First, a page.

uv-mapping.

well i have got pretty good with materials, the only thing i need to learn is how you guys make realistic textures for stills and animations. you usually make a seperate bump map and specular map. correct me if i’m wrong, first you finish the model then you mark a seam or seams then you unwrap it then export the unwrapped template to an external paint program like gimp, you hand paint the bump\specular map onto the template ,desaturate and then apply to the modell. is this all the steps involved. how do you actually paint the “bumps” in the paint program to get the bumps to gradually elevate in greyscale, what brush do you use? i should figure this out because stencilling has its limitations, like when you use more than one stencil texture in the texture pipeline. am i right with the steps to uv map? how do i hand paint the gradual greyscale bumps in a paint program? i cant seem to find a tutorial that covers the whole unwrapping process, including the hand painting in a paint program. so if anyone knows a good tutorial that will show me how to do the hand painting part, that will help too. thanks in advance.

you can get good base textures for bumpmaps from blender, and you can then combine those with other textures, including hand painted ones. like if you were doing bark, you might take a clouds or musgrave texture from blender, and combine it with a hand painted texture, of the layout of the bark scales. the clone tool in gimp, photoshop, or for that matter blender, can be helpful here. and if you want to spend a few bucks, there are softwares such as texturemaker, that are specialized for making bump maps, among other things.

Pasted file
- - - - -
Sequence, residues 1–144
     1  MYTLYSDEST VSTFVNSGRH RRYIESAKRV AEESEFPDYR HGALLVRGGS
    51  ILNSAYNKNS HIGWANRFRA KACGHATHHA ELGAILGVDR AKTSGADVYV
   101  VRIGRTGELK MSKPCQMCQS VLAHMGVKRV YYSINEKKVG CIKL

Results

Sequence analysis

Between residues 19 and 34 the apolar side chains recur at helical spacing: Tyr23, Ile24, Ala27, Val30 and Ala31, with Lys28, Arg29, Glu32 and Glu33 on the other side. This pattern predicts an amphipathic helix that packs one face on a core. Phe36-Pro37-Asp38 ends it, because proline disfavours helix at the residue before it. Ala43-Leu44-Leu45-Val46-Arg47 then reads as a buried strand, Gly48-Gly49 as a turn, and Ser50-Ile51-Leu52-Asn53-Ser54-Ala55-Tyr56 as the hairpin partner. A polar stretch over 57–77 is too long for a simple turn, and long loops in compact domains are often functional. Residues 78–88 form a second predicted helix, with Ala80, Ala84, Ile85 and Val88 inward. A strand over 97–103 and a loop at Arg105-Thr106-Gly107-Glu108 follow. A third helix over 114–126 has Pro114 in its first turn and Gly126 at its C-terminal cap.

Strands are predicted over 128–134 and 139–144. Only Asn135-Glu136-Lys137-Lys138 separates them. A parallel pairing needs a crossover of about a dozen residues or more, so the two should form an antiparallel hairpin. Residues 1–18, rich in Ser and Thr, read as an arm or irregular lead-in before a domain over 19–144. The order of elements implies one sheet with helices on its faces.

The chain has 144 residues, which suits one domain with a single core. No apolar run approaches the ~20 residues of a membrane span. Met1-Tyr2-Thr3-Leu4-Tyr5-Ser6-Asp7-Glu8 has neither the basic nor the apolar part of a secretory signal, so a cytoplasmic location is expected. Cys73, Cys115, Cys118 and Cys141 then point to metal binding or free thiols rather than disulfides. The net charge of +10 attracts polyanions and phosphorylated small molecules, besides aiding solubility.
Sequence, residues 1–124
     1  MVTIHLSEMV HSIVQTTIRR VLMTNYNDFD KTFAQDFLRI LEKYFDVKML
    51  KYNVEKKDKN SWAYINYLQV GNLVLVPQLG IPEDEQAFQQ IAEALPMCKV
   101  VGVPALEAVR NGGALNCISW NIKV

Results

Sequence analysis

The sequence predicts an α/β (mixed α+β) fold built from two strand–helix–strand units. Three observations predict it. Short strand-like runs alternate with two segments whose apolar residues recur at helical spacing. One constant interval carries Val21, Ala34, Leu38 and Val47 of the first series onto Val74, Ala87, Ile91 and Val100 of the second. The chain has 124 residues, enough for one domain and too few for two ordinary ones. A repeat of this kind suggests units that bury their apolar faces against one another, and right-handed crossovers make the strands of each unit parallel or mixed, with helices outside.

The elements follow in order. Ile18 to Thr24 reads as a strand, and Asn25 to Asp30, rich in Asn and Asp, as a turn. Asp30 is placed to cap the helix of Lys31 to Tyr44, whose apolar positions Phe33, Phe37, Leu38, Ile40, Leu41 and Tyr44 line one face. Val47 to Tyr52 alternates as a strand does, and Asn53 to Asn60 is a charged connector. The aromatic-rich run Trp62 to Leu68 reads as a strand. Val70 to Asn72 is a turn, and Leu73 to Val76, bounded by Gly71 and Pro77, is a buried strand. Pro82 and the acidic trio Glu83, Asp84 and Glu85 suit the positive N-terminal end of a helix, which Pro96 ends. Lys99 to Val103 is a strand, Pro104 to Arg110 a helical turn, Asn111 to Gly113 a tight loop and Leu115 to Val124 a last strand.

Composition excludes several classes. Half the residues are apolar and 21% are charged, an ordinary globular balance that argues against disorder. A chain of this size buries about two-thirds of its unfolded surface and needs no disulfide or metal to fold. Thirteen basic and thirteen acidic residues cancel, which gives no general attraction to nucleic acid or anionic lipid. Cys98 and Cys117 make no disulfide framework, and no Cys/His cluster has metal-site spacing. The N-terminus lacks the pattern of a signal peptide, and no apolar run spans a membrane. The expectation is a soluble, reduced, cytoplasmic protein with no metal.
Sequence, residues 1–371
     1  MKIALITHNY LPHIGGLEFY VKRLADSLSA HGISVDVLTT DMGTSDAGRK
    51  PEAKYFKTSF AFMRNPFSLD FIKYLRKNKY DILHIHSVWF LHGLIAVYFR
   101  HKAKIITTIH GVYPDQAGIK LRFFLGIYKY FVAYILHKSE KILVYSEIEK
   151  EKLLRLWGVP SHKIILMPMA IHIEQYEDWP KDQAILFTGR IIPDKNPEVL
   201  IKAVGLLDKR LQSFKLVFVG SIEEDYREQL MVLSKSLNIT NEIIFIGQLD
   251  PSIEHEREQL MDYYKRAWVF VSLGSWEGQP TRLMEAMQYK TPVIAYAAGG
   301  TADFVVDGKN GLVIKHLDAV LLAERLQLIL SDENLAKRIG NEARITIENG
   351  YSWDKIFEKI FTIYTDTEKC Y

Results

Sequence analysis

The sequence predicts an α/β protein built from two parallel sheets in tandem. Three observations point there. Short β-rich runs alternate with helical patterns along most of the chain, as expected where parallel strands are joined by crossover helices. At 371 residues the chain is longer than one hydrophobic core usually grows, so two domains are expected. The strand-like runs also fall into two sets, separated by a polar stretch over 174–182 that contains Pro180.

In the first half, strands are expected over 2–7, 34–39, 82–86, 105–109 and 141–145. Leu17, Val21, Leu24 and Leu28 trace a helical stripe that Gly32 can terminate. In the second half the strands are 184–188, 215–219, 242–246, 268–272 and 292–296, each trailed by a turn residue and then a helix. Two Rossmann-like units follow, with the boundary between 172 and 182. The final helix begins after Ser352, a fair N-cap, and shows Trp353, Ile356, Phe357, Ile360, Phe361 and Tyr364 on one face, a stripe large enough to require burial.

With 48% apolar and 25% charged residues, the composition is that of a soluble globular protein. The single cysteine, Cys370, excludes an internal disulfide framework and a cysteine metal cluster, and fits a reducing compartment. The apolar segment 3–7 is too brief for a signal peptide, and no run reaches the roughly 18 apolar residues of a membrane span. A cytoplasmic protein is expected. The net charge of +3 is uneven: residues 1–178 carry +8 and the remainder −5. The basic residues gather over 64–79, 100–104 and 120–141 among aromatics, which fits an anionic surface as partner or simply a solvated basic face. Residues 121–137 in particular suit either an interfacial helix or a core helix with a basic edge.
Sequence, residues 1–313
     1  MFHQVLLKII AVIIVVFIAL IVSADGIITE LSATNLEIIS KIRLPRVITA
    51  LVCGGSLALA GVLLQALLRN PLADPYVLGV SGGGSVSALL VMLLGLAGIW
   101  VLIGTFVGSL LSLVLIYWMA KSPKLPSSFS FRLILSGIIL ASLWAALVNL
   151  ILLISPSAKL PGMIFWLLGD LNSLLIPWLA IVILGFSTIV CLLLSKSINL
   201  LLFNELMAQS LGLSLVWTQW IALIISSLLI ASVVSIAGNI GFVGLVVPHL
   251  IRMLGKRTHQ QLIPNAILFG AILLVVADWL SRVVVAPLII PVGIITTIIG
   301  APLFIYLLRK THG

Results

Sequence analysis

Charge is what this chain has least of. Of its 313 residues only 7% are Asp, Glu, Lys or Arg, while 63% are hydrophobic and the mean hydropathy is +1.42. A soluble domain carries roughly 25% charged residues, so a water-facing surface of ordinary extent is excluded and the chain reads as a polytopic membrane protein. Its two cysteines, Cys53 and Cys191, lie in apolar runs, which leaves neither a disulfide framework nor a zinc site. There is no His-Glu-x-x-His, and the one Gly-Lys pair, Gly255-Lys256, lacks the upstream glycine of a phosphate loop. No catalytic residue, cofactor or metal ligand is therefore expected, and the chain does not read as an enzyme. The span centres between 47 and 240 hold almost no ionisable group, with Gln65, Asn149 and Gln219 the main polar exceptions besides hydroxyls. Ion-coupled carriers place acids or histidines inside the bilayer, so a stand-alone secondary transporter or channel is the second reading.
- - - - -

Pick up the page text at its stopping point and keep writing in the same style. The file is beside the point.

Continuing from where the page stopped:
you can also do texture painting right in blender, as Modron hinted at, that will at least get you started on exactly where you want your specific features. (I mean 3D painting in the viewport). Once you have that saved as an image, you can take it into your editor do add more detail, grain, etc. The blur tool might be really handy to get the gradient you’re talking about. Either the blur brush, or blue the entire image/layer. Also, if you can afford it, I would suggest a Wacom (or similar) tablet. I use mine for every computer function, not just painting (instead of mouse). It’s much less aggravating to my tendons in my arms, and the most ergonomic cursor movement method (many studies prove it).

To answer your other question, yes, bump and spec maps are important to make the texture look more real. you might want to consider the main diffuse (color) map to be UV instead of a raw color. This way you can add those slight color changes, smears, speckles, scratches, fingerprints, imperfections, etc to you paint. Unless it’s ceramic or powder coated, or straight off the assembly line, there are few instances where you want a perfect color (except for that polished car on the showroom floor).